The court may, upon its own motion or on motion of the petitioner, reduce or dispense with the trial period if it finds that it is to the best interest of the child. In such case, the court shall state its reasons for reducing said period.

Art. 36. Decree of Adoption. - If, after considering the report of the Department of Social Welfare or duly licensed child placement agency and the evidence submitted before it, the court is satisfied that the petitioner is qualified to maintain, care for, and educated the child, that the trial custody period has been completed, and that the best interests of the child will be promoted by the adoption, a decree of adoption shall be entered, which shall be effective as of the date the original petition was filed. The decree shall state the name by which the child is thenceforth to be known.

Art. 37. Civil Registry Record. - The adoption shall be recorded in the local civil register and shall be annotated on the record of birth, and the same shall entitle the adopted person to the issuance of an amended certificate of birth.

Art. 38. Confidential Nature of Proceedings and Records. - All hearings in adoption cases shall be confidential and shall not be open to the public. All records, books and papers relating to the adoption cases in the files of the court, of the Department of Social Welfare, and of any other agency or institution participating in the adoption proceedings, shall be kept strictly confidential.

Subject to the provisions of Article 7, in any case in which information from such records, books and papers is needed, the person or agency requesting the release of the information may file a petition to the court which entered the decree of adoption for its release. If the court finds that the disclosure of the information is necessary for purposes connected with or arising out of the adoption and will be for the best interests of the child, the court may permit the necessary information to be released, restricting the purposes for which it may be used.

Art. 39. Effects of Adoption. - The adoption shall:

(1) Give to the adopted person the same rights and duties as if he were a legitimate child of the adopter: Provided, That an adopted child cannot acquire Philippine citizenship by virtue of such adoption:

(2) Dissolve the authority vested in the natural parent or parents, except where the adopter is the spouse of the surviving natural parent;

(3) Entitle the adopted person to use the adopter's surname; and

(4) Make the adopted person a legal heir of the adopter: Provided, That if the adopter is survived by legitimate parents or ascendants and by an adopted person, the latter shall not have more successional rights than an acknowledged natural child: Provided, further, That any property received gratuitously by the adopted from the adopter shall revert to the adopter should the former predecease the latter without legitimate issue unless the adopted has, during his lifetime, alienated such property: Provided, finally, That in the last case, should the adopted leave no property other than that received from the adopter, and he is survived by illegitimate issue or a spouse, such illegitimate issue collectively or the spouse shall receive one-fourth of such property; if the adopted is survived by illegitimate issue and a spouse, then the former collectively shall receive one-fourth and the latter also one-fourth, the rest in any case reverting to the adopter, observing in the case of the illegitimate issue the proportion provided for in Article 895 of the Civil Code.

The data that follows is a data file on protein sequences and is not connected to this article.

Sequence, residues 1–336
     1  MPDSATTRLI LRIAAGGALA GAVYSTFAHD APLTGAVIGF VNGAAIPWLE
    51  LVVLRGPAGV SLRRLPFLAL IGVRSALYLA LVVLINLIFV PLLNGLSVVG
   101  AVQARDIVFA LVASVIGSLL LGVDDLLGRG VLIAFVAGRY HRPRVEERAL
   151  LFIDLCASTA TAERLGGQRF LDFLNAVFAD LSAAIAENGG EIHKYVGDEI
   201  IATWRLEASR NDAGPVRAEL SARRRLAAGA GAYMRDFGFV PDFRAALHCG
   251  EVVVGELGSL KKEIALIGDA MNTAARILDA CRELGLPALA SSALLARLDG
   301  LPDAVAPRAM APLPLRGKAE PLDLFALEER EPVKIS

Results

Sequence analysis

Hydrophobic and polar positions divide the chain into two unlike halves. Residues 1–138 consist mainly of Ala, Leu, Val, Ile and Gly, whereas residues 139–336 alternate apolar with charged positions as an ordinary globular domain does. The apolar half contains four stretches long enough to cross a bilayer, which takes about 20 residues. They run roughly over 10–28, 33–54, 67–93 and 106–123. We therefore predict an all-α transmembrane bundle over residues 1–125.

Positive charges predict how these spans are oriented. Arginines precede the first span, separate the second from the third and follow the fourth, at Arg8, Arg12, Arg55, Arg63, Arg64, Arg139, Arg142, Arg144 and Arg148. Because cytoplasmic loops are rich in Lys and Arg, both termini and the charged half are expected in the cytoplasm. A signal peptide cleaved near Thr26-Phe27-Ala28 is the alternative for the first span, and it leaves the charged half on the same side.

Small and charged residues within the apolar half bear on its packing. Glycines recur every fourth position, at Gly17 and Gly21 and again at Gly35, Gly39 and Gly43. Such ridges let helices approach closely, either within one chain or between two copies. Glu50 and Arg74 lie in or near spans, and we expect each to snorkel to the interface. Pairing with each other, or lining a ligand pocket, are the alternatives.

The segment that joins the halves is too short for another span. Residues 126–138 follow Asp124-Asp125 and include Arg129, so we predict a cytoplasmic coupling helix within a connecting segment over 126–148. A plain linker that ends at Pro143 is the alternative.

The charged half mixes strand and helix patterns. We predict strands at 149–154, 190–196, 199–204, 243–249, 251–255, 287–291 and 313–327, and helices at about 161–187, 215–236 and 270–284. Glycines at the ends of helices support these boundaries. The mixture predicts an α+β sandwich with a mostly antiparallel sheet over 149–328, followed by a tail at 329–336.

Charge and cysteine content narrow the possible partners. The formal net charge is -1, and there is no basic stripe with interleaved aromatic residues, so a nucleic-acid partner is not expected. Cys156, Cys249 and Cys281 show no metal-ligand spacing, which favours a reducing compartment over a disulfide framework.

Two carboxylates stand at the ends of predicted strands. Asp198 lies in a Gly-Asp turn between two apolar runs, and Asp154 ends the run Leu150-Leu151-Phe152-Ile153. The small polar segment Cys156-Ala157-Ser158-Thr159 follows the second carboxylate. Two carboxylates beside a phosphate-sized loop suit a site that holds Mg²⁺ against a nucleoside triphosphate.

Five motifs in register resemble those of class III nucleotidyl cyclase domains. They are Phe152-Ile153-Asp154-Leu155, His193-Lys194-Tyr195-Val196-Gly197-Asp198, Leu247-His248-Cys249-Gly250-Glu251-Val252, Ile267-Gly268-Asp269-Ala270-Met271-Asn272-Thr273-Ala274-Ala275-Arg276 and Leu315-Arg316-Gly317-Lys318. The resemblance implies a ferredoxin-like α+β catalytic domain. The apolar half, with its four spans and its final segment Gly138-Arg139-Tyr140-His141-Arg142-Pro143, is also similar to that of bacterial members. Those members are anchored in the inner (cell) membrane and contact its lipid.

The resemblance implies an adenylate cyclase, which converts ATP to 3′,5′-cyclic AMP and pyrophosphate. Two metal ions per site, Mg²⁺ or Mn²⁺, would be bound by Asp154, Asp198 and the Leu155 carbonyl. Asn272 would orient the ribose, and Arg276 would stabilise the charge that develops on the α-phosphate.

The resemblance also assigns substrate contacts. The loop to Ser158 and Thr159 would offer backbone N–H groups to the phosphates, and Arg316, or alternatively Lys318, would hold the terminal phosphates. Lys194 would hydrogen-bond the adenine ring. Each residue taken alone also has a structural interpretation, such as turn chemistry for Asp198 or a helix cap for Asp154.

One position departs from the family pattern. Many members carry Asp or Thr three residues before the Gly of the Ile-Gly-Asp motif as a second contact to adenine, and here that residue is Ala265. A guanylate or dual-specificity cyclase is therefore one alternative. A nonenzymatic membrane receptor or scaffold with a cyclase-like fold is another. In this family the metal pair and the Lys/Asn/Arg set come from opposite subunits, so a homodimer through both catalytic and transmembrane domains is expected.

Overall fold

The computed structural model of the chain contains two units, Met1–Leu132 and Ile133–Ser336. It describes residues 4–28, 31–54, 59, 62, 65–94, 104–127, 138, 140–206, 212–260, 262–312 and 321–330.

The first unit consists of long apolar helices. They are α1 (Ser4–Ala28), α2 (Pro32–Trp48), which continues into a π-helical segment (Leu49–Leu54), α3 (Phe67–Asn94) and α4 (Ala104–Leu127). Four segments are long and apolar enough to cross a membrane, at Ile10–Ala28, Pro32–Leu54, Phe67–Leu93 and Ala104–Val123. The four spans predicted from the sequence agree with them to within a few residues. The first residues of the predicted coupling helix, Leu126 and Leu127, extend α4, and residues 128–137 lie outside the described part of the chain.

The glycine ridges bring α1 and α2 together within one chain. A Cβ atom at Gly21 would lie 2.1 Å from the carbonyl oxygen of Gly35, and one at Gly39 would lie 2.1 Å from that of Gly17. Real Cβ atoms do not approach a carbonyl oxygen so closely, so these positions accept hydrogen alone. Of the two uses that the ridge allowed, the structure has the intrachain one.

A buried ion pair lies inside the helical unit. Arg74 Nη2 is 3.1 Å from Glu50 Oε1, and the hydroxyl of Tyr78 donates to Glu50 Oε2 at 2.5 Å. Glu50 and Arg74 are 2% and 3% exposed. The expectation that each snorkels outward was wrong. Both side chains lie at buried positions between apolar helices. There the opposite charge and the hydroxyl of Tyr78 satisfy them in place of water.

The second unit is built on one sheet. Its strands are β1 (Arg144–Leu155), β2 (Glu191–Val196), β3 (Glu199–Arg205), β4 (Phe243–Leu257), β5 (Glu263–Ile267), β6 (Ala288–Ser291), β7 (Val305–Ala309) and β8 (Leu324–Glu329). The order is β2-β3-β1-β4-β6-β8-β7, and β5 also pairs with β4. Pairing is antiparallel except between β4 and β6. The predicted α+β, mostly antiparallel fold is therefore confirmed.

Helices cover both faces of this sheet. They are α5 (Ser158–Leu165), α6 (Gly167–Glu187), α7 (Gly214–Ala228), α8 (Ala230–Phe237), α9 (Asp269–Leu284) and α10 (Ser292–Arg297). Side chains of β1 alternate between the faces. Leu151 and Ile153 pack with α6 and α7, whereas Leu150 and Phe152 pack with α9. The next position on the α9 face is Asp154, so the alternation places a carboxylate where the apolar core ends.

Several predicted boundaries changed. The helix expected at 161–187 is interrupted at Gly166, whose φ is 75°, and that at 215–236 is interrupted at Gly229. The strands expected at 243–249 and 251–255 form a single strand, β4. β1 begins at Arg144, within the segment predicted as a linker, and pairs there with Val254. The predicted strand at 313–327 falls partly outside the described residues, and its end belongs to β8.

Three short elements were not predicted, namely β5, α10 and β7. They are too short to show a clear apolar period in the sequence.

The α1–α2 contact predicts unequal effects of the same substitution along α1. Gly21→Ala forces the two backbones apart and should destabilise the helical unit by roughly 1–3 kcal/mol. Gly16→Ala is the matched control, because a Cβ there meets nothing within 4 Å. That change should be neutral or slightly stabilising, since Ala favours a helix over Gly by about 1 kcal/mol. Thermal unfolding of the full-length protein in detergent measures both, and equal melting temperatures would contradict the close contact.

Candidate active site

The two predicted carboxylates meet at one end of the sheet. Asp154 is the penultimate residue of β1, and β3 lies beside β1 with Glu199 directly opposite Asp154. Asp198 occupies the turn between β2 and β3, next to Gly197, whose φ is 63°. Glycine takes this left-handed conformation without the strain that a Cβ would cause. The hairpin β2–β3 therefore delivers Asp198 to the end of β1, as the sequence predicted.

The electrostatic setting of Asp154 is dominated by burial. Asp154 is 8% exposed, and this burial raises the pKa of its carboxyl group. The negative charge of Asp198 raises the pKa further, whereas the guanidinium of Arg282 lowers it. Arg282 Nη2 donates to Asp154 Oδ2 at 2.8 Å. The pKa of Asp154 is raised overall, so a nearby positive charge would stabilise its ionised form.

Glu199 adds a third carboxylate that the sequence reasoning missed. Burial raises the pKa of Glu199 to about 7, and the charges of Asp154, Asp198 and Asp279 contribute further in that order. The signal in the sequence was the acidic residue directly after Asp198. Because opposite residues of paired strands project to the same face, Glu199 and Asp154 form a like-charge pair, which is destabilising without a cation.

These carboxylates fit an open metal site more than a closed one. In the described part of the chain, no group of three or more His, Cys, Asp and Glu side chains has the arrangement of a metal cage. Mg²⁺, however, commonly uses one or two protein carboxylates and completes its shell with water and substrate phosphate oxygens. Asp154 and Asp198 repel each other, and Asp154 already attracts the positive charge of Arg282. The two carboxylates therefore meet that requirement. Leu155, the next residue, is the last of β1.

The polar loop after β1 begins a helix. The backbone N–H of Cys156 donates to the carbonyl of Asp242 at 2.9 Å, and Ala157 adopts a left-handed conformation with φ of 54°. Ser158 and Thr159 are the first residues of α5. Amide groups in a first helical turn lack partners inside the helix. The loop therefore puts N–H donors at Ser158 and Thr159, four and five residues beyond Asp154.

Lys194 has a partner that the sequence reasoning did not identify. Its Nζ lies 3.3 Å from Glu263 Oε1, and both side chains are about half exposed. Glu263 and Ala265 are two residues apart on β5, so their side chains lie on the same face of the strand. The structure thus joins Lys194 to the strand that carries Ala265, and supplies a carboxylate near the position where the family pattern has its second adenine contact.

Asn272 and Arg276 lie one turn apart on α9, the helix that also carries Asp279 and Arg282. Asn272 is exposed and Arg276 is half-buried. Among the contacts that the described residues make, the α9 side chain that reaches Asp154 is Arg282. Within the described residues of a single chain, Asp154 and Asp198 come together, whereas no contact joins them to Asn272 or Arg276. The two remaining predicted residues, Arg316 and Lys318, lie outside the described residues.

The adopter shall not be a legal heir of the adopted person, whose parents by nature shall inherit from him, except that if the latter are both dead, the adopting parent or parents take the place of the natural parents in the line of succession, whether testate or interstate.

Art. 40. Rescission by Adopted. - The adopted person or the Department of Social Welfare or any duly licensed child placement agency if the adopted is still a minor or otherwise incapacitated, may ask for the rescission of the adoption on the same grounds that cause the loss of parental authority under the Civil Code.

Art. 41. Revocation by Adopter. - The adopter may petition the court for the revocation of the adoption in any of these cases:

(1) If the adopted person has attempted against the life of the adopter and/or his spouse;

(2) When the adopted minor has abandoned the home of the adopter for more than three years and efforts have been exhausted to locate the minor within the stated period;

(3) When by other acts the adopted person has definitely repudiated the adoption.

Art. 42. Effects of Rescission or Revocation. - Where the adopted minor has not reached the age of majority at the time of the revocation or rescission referred to in the next preceding articles, the court in the same proceeding shall determine whether he should be returned to the parental authority of his natural parents or remitted to the Department of Social Welfare or any duly licensed child placement agency or whether a guardian over his person and property should be appointed.

Where the adopted child has reached the age of majority, the revocation or rescission, if and when granted by the court, shall release him from all obligations to his adopting parents and shall extinguish all his rights against them: Provided, That if the said adopted person is physically or mentally handicapped as to need a guardian over his person or property, or both, the court may appoint a guardian in accordance with the provisions of existing law.